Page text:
The 1998 race provided a team orders controversy when David Coulthard ceded the lead to his McLaren team-mate Mika Hakkinen, after the Finn made an inadvertent trip to the pit lane.

The following year’s race was punctuated by safety car incidents and just eight cars finished. Eddie Irvine took a surprise maiden win for Ferrari, while his team-mate, Michael Schumacher, finished last!

Tragically, the 2001 event was marred by the death of a trackside marshal, but spirits were lifted at the following year’s race when Mark Webber scored two points for the tail-ender Minardi team on his F1 debut, sparking a wave of patriotism and emotion across the country.

Incredibly, Webber has never managed a better result on home soil than his first-race effort, matching it in 2005 for Williams and again in 2011.

Albert Park has proved to be something of a Michael Schumacher benefit, with the German picking up a hat-trick of wins in 2000-2, and then a fourth win in 2004. Despite Mercedes’ improved form over the pre-season testing period, the German is unlikely to be a race-winning contender this weekend, unless a bit of luck falls his way.

The 2010 race sought to arrest concerns that the season was going to be a snooze-fest, with action aplenty as wet weather hit the circuit as the joker in the pack. A clever strategic call saw Jenson Button take his first win for McLaren, while home fans were disappointed with local boy Webber, who drove one of the more error-ridden races in his career.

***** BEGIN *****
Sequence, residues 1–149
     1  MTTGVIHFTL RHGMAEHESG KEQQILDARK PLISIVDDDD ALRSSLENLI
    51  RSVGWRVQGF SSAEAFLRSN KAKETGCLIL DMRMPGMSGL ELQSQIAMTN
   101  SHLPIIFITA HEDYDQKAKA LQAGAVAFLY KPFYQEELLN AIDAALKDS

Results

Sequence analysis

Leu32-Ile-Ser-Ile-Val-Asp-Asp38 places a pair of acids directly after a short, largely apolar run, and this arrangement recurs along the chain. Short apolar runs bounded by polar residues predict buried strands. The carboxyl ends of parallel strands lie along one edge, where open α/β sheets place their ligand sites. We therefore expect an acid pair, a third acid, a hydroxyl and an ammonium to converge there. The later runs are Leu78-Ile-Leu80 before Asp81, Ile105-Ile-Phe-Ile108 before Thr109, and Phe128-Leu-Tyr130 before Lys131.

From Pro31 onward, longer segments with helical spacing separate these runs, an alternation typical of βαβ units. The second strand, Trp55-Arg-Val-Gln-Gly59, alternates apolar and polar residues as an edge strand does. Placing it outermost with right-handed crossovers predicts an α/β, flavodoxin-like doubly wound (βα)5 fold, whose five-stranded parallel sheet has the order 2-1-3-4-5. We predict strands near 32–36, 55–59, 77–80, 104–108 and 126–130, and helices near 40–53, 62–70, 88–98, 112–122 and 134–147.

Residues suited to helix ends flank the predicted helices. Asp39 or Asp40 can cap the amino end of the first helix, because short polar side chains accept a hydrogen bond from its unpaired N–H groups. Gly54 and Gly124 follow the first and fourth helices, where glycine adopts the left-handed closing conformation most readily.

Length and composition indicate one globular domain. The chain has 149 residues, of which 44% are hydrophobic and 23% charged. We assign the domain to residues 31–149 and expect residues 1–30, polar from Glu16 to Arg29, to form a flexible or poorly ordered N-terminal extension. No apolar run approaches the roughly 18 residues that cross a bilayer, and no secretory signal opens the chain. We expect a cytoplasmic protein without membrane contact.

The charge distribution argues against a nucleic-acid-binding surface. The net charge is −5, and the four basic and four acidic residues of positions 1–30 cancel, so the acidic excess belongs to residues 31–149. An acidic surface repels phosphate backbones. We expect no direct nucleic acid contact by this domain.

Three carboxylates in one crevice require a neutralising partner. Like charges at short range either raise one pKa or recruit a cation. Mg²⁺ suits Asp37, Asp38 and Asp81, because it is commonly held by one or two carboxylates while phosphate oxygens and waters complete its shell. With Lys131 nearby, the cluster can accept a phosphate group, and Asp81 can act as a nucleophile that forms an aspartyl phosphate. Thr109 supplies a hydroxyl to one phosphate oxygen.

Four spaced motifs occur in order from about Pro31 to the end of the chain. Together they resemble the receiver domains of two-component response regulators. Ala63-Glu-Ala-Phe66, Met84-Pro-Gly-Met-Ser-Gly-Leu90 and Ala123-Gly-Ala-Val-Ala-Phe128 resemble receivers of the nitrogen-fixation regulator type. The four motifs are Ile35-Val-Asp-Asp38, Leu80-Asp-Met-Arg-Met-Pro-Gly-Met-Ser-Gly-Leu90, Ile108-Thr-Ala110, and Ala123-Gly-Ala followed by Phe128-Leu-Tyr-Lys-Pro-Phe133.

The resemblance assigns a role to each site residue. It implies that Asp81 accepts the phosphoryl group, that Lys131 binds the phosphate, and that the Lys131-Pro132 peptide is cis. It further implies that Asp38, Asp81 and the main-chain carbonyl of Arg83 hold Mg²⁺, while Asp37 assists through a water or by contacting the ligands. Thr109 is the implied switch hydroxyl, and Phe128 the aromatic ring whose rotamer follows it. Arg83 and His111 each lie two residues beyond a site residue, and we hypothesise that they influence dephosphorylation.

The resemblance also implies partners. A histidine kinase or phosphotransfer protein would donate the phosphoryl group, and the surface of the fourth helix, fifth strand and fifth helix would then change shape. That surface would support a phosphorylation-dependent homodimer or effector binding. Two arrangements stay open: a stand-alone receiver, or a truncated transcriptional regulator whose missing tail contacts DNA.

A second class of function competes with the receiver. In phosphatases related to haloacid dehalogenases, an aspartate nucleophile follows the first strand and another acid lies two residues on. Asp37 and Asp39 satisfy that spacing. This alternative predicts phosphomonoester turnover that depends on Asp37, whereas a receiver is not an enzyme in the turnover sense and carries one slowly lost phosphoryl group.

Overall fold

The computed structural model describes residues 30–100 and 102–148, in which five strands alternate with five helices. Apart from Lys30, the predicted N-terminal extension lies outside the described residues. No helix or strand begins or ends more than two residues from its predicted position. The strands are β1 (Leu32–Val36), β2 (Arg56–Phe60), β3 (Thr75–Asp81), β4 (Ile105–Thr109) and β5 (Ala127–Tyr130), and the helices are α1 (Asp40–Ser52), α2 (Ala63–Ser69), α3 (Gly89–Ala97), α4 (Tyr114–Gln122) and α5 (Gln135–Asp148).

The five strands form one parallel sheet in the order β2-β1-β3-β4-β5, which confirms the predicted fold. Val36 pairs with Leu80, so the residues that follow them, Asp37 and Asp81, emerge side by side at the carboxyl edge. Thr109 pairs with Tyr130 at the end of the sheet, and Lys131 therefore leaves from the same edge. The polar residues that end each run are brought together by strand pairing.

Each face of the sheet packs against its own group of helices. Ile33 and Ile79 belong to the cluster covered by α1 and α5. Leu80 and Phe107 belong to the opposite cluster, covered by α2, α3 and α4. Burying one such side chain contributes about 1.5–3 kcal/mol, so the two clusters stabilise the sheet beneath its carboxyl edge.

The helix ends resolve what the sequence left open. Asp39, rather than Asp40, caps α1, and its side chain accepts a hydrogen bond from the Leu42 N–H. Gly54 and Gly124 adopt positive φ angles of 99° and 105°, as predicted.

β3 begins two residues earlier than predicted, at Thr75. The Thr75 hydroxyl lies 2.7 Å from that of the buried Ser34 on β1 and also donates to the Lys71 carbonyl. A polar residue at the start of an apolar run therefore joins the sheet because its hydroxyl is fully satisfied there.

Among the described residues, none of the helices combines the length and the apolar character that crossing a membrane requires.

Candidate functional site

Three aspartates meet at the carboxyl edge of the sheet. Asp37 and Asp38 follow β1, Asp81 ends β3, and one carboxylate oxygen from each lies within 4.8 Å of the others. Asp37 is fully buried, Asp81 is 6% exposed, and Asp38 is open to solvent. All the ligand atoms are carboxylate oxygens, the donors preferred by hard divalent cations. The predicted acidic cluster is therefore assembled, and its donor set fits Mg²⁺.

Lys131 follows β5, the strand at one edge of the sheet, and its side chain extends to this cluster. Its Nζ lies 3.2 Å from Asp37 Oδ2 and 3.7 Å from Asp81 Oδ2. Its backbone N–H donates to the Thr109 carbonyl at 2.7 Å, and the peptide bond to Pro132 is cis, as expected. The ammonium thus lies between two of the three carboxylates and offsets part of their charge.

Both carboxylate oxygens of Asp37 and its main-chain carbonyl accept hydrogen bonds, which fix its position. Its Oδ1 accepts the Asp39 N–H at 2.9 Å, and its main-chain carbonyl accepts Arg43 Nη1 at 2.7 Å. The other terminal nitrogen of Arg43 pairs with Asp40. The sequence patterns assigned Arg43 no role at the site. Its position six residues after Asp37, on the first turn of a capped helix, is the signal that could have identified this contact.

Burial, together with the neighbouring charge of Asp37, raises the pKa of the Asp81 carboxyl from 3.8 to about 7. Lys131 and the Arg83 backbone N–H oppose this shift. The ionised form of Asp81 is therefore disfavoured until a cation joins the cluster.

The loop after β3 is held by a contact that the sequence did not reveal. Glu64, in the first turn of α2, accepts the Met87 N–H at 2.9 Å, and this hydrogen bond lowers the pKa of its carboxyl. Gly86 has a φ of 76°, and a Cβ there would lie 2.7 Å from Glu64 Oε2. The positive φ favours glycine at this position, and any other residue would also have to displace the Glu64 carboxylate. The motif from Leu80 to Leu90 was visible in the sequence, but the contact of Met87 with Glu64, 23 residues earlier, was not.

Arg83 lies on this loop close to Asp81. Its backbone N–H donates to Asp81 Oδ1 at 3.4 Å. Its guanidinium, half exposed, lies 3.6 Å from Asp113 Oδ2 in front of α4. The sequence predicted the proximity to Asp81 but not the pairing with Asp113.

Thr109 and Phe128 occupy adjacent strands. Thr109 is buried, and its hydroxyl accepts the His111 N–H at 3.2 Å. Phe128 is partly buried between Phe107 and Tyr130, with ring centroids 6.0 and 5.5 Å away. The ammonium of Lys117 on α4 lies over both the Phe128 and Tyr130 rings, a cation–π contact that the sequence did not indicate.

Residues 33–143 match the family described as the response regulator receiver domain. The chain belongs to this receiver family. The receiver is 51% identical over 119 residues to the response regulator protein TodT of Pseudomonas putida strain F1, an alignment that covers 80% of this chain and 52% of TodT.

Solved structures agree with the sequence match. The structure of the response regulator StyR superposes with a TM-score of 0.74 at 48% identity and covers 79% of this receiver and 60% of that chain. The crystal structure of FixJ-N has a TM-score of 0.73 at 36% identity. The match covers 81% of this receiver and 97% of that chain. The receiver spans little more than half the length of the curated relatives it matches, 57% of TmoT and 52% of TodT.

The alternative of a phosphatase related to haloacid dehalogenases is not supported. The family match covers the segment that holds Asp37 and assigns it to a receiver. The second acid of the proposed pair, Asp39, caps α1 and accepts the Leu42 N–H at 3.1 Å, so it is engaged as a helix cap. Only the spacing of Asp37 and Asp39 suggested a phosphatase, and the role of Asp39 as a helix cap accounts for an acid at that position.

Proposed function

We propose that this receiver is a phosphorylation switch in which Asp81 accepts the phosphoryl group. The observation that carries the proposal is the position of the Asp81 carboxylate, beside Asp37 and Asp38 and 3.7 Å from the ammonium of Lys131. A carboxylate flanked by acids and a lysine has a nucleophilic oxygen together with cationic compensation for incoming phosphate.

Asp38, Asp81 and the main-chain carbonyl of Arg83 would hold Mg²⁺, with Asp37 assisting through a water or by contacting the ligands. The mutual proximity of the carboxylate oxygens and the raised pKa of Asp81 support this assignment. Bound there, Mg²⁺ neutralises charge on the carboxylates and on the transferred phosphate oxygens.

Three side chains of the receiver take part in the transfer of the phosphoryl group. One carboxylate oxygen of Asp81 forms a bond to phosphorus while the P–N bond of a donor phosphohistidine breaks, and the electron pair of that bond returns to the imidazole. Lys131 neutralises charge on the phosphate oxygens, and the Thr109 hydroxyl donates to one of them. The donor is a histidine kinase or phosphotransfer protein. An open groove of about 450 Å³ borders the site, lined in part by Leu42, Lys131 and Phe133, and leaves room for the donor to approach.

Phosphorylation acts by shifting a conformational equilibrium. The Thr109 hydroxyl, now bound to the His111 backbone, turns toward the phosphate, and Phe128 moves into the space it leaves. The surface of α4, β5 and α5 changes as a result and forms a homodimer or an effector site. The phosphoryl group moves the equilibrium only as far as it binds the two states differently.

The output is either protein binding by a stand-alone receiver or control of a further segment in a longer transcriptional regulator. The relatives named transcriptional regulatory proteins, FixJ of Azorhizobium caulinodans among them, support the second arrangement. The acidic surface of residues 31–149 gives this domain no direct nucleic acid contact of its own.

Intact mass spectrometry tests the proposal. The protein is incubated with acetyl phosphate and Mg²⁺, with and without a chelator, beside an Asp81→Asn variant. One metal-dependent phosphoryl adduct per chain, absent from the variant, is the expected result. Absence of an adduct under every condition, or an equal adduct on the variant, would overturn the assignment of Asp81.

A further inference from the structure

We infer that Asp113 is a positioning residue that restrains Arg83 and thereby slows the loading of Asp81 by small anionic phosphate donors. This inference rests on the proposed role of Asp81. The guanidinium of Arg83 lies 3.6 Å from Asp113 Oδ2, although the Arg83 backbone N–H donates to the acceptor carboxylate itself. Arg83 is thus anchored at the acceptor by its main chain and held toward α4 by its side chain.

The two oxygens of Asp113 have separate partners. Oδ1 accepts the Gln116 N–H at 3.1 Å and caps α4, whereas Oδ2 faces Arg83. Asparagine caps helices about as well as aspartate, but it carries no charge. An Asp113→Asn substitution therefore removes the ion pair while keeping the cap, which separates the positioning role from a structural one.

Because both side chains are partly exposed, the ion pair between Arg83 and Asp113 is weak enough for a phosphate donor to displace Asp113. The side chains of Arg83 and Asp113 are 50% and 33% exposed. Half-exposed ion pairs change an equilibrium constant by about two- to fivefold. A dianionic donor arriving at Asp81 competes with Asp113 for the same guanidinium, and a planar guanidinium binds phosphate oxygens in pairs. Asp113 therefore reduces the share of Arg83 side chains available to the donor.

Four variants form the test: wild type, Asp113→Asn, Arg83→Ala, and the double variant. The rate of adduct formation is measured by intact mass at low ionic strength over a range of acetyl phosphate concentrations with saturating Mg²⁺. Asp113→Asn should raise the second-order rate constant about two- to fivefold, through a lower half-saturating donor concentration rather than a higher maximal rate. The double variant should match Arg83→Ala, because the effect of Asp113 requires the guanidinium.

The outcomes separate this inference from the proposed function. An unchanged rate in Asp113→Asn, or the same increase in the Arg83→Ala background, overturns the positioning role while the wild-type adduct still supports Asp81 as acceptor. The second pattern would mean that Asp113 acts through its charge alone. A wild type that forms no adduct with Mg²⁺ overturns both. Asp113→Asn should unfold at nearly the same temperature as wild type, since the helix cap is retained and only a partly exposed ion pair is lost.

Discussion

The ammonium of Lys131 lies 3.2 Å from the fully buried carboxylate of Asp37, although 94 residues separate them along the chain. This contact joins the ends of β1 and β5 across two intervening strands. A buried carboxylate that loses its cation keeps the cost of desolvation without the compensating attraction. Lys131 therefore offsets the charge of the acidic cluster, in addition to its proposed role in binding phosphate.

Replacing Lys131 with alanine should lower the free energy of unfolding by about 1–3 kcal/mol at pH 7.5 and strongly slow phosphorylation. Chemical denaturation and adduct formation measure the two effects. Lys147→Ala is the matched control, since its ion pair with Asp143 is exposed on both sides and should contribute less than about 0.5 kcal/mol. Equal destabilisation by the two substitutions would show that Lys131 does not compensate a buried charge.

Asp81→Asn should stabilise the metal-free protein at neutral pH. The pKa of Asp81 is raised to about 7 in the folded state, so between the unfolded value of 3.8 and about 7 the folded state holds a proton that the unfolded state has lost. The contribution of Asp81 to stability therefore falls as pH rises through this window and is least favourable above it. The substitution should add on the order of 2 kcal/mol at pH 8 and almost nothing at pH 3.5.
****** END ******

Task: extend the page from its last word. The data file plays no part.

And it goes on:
In 2011, Sebastian Vettel kicked off his 2010 championship defence with a comfortable win, one of umpteen he would claim over the course of an utterly dominant championship season for the German and the Red Bull Racing team.

The 2013 season saw Button return to the winner’s circle in Melbourne to claim his third win in four years at Albert Park. The McLaren driver fended off team-mate Lewis Hamilton at the start and took an assured win to kickstart his season. The race was punctuated by several safety car interruptions, while Pastor Maldonado crashed out heavily on the final lap to throw away a valuable points haul for the Williams team.

Last year’s race provided a great opener to the season. With concerns of high tyre wear, much of the field opted for a three-stop strategy in the race, but the erstwhile Kimi Räikkönen showcased the Lotus E22’s mastery of tyre management. He ran a two-stop race, and held off Fernando Alonso and Sebastian Vettel to the finish.

2014 Formula 1 Drivers

The Form Guide

The 2014 edition of the Australian Formula 1 Grand Prix welcomes in a new era for the championship, with the entire field running 1.6-litre turbocharged hybrid powerplants as part of the greatest regulations shake-up the sport has ever seen.

The sport has effectively become ‘greener’, with fuel capacities and flow limits greatly reduced, while engine power output has been capped at 760bhp, with a substantial amount of the power coming from the hybrid components of the powerplant, which use discharged braking and exhaust gas heat to run the cars. Certainly, the cars sound quite different – being rev-limited to 15,000rpm – and reliability has been very questionable while the new powerplants are being understood. Expect a race of high attrition, even though a number of the teams were able to complete whole race distances during the limited pre-season testing made available to them.